Kenya's lead on World Elder Abuse Awareness Day warmed our hearts and our hopes
On a chilly day last Monday, my day began with breakfast in a cafe with older activists that had been mobilised for the Age Demands Action campaign on World Elder Abuse Awareness Day (WEAAD).
After a while we were joined by the imposing Kenga Charo Mangi (pictured right) from Kilifi County at the Coast of Kenya. Kenga runs the Kaya Dodoma shelter for victims of elder abuse at his farm in Kilifi County.
Standing at over 6ft tall and dressed in the traditional attire of a Giriama elder, Kenga caused quite a stir at the café. He was accompanied by Khadija*, an older woman who had been a victim of elder abuse. She had been accused of being a witch and was currently seeking shelter at Kaya Dodoma.
It was Khadija's first time to visit Nairobi and I could only imagine what was going through her mind as she looked at her surroundings that were so different from her home on the humid coast of the Indian Ocean.
After breakfast, we proceeded to the Kenyatta International Convention Centre (KICC), venue of the national launch of WEADD.
At KICC, more older people from Kawangware area joined us for the activities.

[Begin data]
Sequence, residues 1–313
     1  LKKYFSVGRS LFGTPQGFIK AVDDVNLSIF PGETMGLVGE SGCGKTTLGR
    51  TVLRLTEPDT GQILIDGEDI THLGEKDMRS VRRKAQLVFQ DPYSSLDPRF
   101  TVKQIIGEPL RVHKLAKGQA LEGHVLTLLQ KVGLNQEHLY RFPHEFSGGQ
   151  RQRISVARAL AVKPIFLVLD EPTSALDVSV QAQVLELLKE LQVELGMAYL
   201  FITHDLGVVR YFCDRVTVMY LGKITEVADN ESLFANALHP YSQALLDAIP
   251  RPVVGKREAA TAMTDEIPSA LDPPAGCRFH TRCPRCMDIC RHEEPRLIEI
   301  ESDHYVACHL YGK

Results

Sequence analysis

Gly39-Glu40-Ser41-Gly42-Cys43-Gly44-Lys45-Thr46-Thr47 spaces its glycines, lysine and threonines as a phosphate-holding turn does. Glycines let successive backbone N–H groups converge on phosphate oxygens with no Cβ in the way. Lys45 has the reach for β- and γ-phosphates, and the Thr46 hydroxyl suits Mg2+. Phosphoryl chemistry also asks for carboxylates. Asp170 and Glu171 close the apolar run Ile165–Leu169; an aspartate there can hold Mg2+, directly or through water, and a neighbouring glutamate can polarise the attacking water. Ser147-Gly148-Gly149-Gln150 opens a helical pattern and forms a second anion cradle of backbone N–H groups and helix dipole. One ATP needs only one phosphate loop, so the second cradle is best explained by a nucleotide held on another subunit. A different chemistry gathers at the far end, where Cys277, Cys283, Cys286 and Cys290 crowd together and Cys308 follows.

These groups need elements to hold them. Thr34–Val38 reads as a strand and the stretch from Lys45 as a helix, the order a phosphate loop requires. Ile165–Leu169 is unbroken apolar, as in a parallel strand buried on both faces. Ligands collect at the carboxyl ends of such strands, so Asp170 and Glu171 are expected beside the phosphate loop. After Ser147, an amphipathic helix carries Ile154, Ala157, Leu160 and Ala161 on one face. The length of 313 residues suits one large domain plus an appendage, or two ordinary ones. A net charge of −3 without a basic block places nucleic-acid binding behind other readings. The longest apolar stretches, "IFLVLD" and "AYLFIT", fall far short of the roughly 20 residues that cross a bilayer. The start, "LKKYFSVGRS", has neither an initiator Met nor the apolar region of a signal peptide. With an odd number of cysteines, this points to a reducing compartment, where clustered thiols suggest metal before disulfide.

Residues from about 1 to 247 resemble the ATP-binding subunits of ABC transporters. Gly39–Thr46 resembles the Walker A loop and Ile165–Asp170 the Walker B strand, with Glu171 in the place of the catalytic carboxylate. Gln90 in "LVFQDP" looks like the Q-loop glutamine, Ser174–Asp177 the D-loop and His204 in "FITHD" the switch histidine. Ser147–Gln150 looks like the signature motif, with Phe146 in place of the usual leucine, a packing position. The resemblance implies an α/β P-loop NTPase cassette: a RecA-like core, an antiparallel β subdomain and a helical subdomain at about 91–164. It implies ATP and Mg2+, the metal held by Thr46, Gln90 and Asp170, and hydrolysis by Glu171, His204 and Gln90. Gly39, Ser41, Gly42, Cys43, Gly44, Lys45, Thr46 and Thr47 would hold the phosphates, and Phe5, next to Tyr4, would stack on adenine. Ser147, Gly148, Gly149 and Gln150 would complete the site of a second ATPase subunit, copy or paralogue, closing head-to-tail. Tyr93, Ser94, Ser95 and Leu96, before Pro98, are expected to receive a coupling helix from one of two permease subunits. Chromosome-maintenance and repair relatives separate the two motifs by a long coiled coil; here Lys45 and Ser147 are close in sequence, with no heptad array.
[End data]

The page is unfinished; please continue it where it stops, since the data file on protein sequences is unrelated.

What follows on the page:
As people introduced themselves, one male participant said: "I want to see a world where older people are not subjected to abuse".
"My expectation from this event is to know how abuse against older people can be minimised," said another participant.
Ministers promise to tackle elder abuse
For the very first time, the Kenya Government - through the Ministry of Labour, Social Protection and Services - was taking the lead in WEAAD and represented by the Principal Secretary Ali Noor Ismail.
In his address he said the ministry was committed to tackling the issue of elder abuse and pledged the Ministry would lead on WEAAD activities every year.
Hearing this speech was a great milestone for me and for older people. Because now that the Government has committed to spearheading WEAAD activities in the country means that elder abuse and the plight of older people are getting increased recognition.
Now we must hope that this will translate to a legal framework that protects the rights of older people like Khadija.
Traditionally in Kenya and in most African societies, elders have always been revered and held a special place in the community.
But with rapid modernization, migration and a changing social fabric, older people are experiencing abuse and neglect.
African countries have taken an important step by drafting an African Protocol for the Rights of older people, approved by the Social Development Minister at the end of May.
There is also need to have in place social welfare schemes and programmes, in the form of a social protection floor, that will cater for an increasingly ageing population and ensure all people everywhere can enjoy an old age with dignity and quality of life.
The WEAAD event in Nairobi gave me an opportunity for the first time to directly interact with a large group of older activists as they took part in activities for the HelpAge network. Their enthusiastic participation during the event brought great warmth to an otherwise cold day.
*Names have been changed to protect identities
Learn more about the global Age Demands Action movement.